First Person Eye On Event Coverage Conflux 08
Cartography Aids Social Change NYC
Regina Debatty Moderator
By Donald Schwartz, FC Technology Moderator
Author’s Note: This story is a work in progress covering the presentations of Lize Mogel, Brooke Singer, and John Emerson at Conflux 08, September 11-14 in NYC. Repeated attempts to contact two of the panel’s participants as well as the event’s host were unsuccessful. I still haven’t given up upon hearing from them and when I do I’ll update the story.
Please feel free to post any questions you feel are relevant to the topic.
Lead: Maps Are More than A Place for Getting Directions
When many people think of a map they see a tool to show you where places are, where you are or where you want to go. In the hands of activists, designers and writers they can be an important catalyst to social change.
Maps can show you more then the lay of the land by changing their design layout. Maps can also alter how we see our world, understand power relationships, process work and/or how we can garner meaning from numerical data. In example after example, digital media artist Brooke Singer, inter-disciplinary artist Lize Mogel, writer, programmer and graphic artist John Emerson showed numerous examples of the power of map creators to alter our perspective.
The map layouts ranged from simple alterations of world maps where the prominence of one country was replaced in the center by another, to a display where the southern continents were shown in the traditionally southern continent position. Some viewers might see the world as turned upside down, but is it? Take a look at Australian McAuthor’s “Universal Corrective Map.” Sources:
A New World Map with Mecca as the Center of the World
Brooke Singer Explains the Significance of the Map Creator’s Point View
There has always been a perspective problem according to Singer, assistant professor of New Media at SUNY Purchase, with how we understand the size of the land masses that make up the earth. When the land masses are transferred from a round globe to a flat, 2D map some continents and land masses become squeezed, others elongated as in the commonly used Mercator map. Singer suggests that the adjustments are a “translation” made by the map’s creator. What the map creator, called a cartographer, does to accommodate the limitations of a flat surface is a “representation.”
Buckminster Fuller created a flat map called the Dymaxion Map that attempted to limit these distortions by seemingly unfolding the round world on a flat surface in a number of oddly shaped cut out forms that are strung together much like attached dolls cut from a folded piece of paper.
By linking all the continents together in what appears to be singular, continuous land mass, Singer endorses the view shared by The Buckminster Fuller institute that shows a united world.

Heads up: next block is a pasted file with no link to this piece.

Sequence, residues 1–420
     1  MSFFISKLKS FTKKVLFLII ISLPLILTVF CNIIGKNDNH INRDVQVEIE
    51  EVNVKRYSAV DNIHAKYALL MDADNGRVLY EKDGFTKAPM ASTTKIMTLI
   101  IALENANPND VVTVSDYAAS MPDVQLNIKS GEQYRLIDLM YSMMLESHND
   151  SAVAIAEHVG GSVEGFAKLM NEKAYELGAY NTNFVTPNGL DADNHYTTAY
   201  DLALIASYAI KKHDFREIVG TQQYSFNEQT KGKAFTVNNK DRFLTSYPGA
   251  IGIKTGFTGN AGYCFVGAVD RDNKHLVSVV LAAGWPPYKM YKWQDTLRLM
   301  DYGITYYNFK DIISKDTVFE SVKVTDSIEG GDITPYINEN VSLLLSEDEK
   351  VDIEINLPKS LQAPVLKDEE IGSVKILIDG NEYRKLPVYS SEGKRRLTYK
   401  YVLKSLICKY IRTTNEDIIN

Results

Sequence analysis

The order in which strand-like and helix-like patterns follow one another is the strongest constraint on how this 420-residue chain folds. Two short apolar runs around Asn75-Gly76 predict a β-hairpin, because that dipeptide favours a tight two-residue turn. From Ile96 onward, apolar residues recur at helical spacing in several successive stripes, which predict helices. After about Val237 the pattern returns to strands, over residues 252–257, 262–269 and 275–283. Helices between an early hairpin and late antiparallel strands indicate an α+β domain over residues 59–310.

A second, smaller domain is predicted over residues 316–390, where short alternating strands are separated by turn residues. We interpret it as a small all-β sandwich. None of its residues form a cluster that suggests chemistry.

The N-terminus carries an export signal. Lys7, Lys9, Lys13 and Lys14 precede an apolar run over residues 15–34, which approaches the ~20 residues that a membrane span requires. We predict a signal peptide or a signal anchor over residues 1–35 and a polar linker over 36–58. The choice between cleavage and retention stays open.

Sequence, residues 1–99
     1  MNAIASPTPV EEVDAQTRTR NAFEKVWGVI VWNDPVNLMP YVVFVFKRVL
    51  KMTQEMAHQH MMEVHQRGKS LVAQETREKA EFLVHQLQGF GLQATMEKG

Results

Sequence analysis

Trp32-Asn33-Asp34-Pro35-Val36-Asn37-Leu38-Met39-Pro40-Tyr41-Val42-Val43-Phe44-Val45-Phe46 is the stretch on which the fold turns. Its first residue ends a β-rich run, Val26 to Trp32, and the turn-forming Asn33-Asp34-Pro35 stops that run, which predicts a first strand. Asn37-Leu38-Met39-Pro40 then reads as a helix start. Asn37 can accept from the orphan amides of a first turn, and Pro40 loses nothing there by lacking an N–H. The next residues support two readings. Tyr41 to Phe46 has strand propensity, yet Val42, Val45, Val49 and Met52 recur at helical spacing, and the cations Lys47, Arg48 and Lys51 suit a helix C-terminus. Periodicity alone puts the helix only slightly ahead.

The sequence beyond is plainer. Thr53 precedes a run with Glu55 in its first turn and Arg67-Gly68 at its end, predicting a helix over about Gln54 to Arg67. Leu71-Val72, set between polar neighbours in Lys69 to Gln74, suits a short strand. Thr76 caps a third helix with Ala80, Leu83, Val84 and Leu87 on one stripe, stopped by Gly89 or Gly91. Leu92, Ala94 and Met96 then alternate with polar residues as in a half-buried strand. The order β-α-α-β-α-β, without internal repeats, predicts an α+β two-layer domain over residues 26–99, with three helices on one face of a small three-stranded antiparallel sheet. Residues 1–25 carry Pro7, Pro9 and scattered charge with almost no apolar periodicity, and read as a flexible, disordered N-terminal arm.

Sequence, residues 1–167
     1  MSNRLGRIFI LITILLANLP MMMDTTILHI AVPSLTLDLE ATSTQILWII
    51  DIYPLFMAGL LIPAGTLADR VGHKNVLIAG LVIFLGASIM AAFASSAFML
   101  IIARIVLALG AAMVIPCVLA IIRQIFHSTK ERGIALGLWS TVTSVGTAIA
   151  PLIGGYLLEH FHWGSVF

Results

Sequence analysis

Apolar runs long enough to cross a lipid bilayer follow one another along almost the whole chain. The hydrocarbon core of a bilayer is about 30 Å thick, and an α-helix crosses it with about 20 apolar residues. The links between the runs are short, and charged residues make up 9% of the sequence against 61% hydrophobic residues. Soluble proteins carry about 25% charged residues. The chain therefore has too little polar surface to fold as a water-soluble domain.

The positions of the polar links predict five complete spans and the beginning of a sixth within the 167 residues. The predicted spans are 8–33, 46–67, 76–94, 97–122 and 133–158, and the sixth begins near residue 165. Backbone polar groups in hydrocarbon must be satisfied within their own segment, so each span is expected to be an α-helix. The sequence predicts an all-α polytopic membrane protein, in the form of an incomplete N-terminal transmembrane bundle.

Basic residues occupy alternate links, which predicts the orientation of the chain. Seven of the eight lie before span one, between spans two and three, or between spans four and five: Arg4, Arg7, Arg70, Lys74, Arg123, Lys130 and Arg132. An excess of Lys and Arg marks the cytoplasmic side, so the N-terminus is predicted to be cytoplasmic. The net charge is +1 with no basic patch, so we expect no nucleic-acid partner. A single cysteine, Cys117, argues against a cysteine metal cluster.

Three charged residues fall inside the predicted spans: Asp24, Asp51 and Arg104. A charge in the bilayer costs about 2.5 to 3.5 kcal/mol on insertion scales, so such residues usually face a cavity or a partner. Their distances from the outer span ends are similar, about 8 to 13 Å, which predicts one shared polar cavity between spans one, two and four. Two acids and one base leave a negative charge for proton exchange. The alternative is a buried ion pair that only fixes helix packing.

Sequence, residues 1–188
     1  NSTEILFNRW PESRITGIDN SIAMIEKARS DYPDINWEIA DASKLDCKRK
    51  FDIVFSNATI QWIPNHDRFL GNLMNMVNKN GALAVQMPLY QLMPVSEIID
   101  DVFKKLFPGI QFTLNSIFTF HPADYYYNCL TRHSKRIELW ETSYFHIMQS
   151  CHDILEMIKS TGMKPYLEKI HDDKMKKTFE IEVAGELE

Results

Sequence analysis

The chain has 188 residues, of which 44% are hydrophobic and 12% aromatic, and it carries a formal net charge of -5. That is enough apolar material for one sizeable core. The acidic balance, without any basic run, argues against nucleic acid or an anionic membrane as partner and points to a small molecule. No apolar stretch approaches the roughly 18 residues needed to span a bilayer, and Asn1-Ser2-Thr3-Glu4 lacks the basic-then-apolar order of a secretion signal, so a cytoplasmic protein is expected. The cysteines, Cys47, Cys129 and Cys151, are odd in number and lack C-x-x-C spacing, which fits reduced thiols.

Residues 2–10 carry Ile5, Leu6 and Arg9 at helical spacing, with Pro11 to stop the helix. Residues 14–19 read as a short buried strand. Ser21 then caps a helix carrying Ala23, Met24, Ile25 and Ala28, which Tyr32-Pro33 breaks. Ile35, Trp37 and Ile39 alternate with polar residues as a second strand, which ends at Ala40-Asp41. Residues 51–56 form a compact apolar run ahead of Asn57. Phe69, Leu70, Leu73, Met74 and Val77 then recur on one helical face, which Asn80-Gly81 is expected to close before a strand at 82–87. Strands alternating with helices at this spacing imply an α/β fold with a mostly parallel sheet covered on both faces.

Singer’s has determined that “when artists make maps there is no pretense that what they are creating is being made by a scientist.”
Maps as a Means of Showing a Scheme or a Path through Information – John Emerson
John Emerson, author of articles on graphic design for Communication Arts, PRINT and the Wall Street Journal, views map creation as “maps are a significant means for challenging the existing social structure.” He said that maps can accomplish this goal by “showing relationships between people and other institutions” and “allows them to navigate complex power relationships.”
A number of Emerson’s examples might not be considered maps, but rather graphic illustrations or even charts as in the case of the Overton Window named after Joe Overton the former vice-president of the Meckinac Center for Public Policy. While not agreeing with the political message of this list of words displayed vertically, Emerson saw this map as an example of how radical ideas become politically possible by making them visually accessible.
In an example of a technique (???) called acid mapping, concepts presented graphically become tools for community organizing by revealing formerly unseen assets and available capacities. (show acid map)
Emerson said of a map created in 2003 called the NYC Guide to War Profiteers, that the illustrative map showed viewers who benefits from (????) helping to guide group conversation as to places where they might be able to do something to intervene. (word choice ??)
NYC Guide to War Profiteers
Lize Mogel – Maps That Show Where the Garbage Goes and How Globalization Works
Lize Mogel, co-author of “An Atlas of Radical Cartography” showed examples of the revealing power of maps created by socially, progressive activists.
A map, titled South to North, by documentarian and artist Ashley Hunt, shows “the topography of ideas” and “how maps communicate the familiar by telling a different story of globalization.” Hunt’s map displays the world in text and images. Quote: Interpretation ??? Source: http://www.an-atlas.com/contents/mog_lew.html.
The Cupworks map titled “The New York City Garbage Machine” shows where the garbage goes in a chart-like map that traces the path of what we dispose of with all the interested players assuming their position in the whole process. Source: http://www.an-atlas.com/contents/cup_rogers.html
About The Moderator
Regina Debatty who writes on the convergence of art and technology served as the panel’s moderator. Debatty has blogged since 2004 on her blog, We-Make-Money-Not-Art.
Websites of Presenters:
* John Emerson – http://www.backspace.com/
* Brooke Singer – http://www.bsing.net/blog/
* Lize Mogel – http://www.publicgreen.com/projects/